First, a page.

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Hong Kong to kill nearly 2,000 hamsters after COVID-19 found in pet shop


Hong Kong on Tuesday urged people not to kiss pets and ordered some 2,000 hamsters to be killed over COVID-19 concerns.

The Chinese territory announced the culling after 11 rodents imported from the Netherlands tested positive for COVID-19 at a pet store, according to local broadcaster RTHK.

“Evidence shows that the hamsters are infected with the covid-19 virus. It is impossible to quarantine and observe each of them and their incubation period could be long,” said Leung Siu-fai, the director of Hong Kong’s Agriculture, Fisheries and Conservation Department.

Pet shops and owners were instructed to turn over their hamsters, which were to be “humanely” put down to “cut the transmission change” of the disease.

Those who own pets were also urged to use caution in handling their animals.

“Pet owners should keep a good hygiene practice, including washing hands after touching the animals, handling their food or other items, and avoid kissing the animals,” Leung told reporters.

hong kong pet store hamsters
Staff members from Agriculture, Fisheries and Conservation Department investigate the pet shop closed after some pet hamsters tested positive for coronavirus.
AP Photo/Kin Cheung

The cases were traced to the Little Boss pet store where a 23-year-old female employee around the same time also tested positive, the Washington Post reported.

Health authorities are investigating the case as a possible instance of animal-to-human transmission, the paper reported. Two additional human infections – one confirmed and one preliminarily positive – have also been linked to the pet store.

The infected rodents were among two groups that arrived in Hong Kong on Dec. 22 and Jan. 7, the newspaper reported.

Buyers of hamsters after Dec. 22 were instructed to hand the pets over to authorities.

little boss pet store Hong Kong
The cases were traced to the Little Boss pet store.
REUTERS/Tyrone Siu

The outbreak resulted in mandatory quarantines for about 150 customers, officials said.

Thomas Sit, a veterinarian and assistant director of the Agriculture, Fisheries and Conservation Department, said authorities did not want to put down all the hamsters but that the culling was necessary.

“You need to realize that the hamsters [which] have already got infected are excreting the virus. They can infect other animals, other hamsters and human beings,” Sit said, the Washington Post reported.

“We have to protect public health and we have no choice,” he added.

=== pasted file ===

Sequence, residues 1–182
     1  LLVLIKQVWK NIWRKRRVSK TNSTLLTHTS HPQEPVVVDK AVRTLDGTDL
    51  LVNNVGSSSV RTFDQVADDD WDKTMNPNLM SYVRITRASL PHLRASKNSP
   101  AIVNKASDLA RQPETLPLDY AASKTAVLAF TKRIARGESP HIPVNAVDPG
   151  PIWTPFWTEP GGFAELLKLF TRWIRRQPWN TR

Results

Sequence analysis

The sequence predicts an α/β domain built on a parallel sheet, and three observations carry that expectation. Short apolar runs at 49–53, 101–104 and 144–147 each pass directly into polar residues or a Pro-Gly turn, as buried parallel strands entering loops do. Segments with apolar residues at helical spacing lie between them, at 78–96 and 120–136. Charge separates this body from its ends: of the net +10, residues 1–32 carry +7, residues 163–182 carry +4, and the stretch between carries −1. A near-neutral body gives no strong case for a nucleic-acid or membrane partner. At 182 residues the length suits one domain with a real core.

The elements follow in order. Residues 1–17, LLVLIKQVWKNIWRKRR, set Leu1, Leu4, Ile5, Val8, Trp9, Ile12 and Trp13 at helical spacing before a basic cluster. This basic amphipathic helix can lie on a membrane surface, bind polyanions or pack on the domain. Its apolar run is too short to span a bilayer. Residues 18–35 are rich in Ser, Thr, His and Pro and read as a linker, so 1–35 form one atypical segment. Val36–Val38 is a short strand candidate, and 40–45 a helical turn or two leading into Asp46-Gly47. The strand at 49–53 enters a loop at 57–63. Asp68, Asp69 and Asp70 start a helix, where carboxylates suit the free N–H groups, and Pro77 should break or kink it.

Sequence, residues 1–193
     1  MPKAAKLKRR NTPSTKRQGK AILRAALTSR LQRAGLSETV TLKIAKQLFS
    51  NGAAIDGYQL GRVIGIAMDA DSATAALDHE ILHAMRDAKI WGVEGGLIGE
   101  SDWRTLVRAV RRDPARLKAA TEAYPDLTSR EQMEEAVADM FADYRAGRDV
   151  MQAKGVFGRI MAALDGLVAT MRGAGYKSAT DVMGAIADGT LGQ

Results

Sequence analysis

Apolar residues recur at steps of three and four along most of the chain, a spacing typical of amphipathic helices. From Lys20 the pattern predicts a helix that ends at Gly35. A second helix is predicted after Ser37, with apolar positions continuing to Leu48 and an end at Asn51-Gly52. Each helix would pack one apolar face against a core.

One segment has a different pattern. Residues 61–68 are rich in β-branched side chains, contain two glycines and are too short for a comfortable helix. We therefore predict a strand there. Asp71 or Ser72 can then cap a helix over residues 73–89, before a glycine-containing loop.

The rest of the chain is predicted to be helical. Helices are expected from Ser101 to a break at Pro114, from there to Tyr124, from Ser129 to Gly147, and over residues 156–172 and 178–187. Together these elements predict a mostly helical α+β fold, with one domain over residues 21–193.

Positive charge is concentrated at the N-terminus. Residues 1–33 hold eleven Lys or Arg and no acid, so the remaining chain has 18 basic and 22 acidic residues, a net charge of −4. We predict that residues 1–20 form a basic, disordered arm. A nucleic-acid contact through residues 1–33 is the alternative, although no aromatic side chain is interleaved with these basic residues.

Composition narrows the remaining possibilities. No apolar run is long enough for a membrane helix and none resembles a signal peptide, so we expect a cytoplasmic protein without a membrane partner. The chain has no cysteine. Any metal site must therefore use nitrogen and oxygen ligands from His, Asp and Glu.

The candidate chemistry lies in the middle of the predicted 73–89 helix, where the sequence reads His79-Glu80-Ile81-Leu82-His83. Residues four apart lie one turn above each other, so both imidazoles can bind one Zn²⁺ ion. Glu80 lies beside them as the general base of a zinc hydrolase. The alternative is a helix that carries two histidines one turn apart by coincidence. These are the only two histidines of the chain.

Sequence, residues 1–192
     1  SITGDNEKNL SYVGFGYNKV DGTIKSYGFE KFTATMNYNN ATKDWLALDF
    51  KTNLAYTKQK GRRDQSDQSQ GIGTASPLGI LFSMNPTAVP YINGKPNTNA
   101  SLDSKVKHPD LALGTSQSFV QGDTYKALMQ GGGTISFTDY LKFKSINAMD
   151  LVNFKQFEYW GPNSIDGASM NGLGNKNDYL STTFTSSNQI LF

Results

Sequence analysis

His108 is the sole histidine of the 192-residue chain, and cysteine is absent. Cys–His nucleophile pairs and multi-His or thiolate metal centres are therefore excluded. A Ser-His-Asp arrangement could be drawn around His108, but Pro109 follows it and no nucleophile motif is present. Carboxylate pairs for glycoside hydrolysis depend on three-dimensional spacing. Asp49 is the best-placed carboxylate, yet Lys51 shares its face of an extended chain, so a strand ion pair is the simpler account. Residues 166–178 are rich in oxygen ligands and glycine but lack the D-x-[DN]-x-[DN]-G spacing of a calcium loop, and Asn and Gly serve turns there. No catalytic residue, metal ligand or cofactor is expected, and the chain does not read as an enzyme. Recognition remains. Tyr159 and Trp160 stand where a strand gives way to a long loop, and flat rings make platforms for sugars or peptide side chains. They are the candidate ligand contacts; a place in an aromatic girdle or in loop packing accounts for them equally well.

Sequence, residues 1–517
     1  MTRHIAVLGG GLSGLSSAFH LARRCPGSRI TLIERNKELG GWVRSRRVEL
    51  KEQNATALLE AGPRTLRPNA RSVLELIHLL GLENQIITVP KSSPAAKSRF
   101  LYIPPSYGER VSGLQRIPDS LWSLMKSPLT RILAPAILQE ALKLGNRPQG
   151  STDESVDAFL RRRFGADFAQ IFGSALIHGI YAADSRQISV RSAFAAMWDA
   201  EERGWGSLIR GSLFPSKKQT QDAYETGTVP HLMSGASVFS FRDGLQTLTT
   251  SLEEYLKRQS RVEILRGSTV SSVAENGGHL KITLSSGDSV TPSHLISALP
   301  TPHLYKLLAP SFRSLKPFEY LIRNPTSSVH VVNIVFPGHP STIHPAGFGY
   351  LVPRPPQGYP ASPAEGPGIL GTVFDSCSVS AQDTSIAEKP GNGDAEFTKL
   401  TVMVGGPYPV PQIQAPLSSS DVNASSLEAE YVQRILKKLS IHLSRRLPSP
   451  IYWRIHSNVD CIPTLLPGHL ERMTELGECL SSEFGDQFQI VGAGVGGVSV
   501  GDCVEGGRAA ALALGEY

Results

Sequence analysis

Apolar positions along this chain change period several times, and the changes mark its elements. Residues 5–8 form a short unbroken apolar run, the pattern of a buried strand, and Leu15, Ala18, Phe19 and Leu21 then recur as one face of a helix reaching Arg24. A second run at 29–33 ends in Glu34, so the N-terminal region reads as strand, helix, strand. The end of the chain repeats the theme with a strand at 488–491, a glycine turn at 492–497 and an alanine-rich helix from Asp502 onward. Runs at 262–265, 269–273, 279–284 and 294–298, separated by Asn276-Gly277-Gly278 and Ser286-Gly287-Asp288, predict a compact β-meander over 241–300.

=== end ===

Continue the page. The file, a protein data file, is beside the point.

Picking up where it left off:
Animal rights groups, however, quickly denounced the government’s decision.

The local Society for the Prevention of Cruelty to Animals said in a Facebook statement that it was “shocked and concerned” about the announcement … “which did not take animal welfare and human-animal bonds into consideration.”

A staffer from the Agriculture, Fisheries and Conservation Department walks past a pet shop which was closed after some pet hamsters were, authorities said, tested positive for the coronavirus
Pet shops and owners were instructed to turn over their hamsters, which were to be “humanely” put down.
AP Photo/Kin Cheung

Sophia Chan, a hamster concern group rep, told the local daily The Standard that she has received dozens of calls from hamster owners since the announcement, according to the Washington Post.

The World Animal Protection group called the measure premature.

“Culling animals should always be a last resort and we encourage governments to explore other options, such as quarantine, first,” said research chief Jan Schmidt-Burbach, Reuters reported.

The US Centers for Disease Control and Prevention said the risk of animals spreading the bug to humans is “low” but noted that it “can spread from people to animals during close contact.”

In 2020, Denmark culled millions of minks in an effort to prevent COVID-19 mutations. The government later admitted that the animals were improperly killed and a commission has been established to investigate the case.

A wildlife officer with personal protective equipment leaves a temporarily closed pet shop Hong Kong
The infected rodents were among two groups that arrived in Hong Kong on Dec. 22 and Jan. 7.
REUTERS/Tyrone Siu

Nikolaus Osterrieder, dean of the Jockey Club College of Veterinary Medicine and Life Sciences at the City University of Hong Kong, called Hong Kong’s action an “obviously a drastic measure.”

But he noted that it “is a consequence of zero COVID (rules). Hamsters are very susceptible to SARS-CoV-2 and can produce large amounts of virus.”

With Post wires



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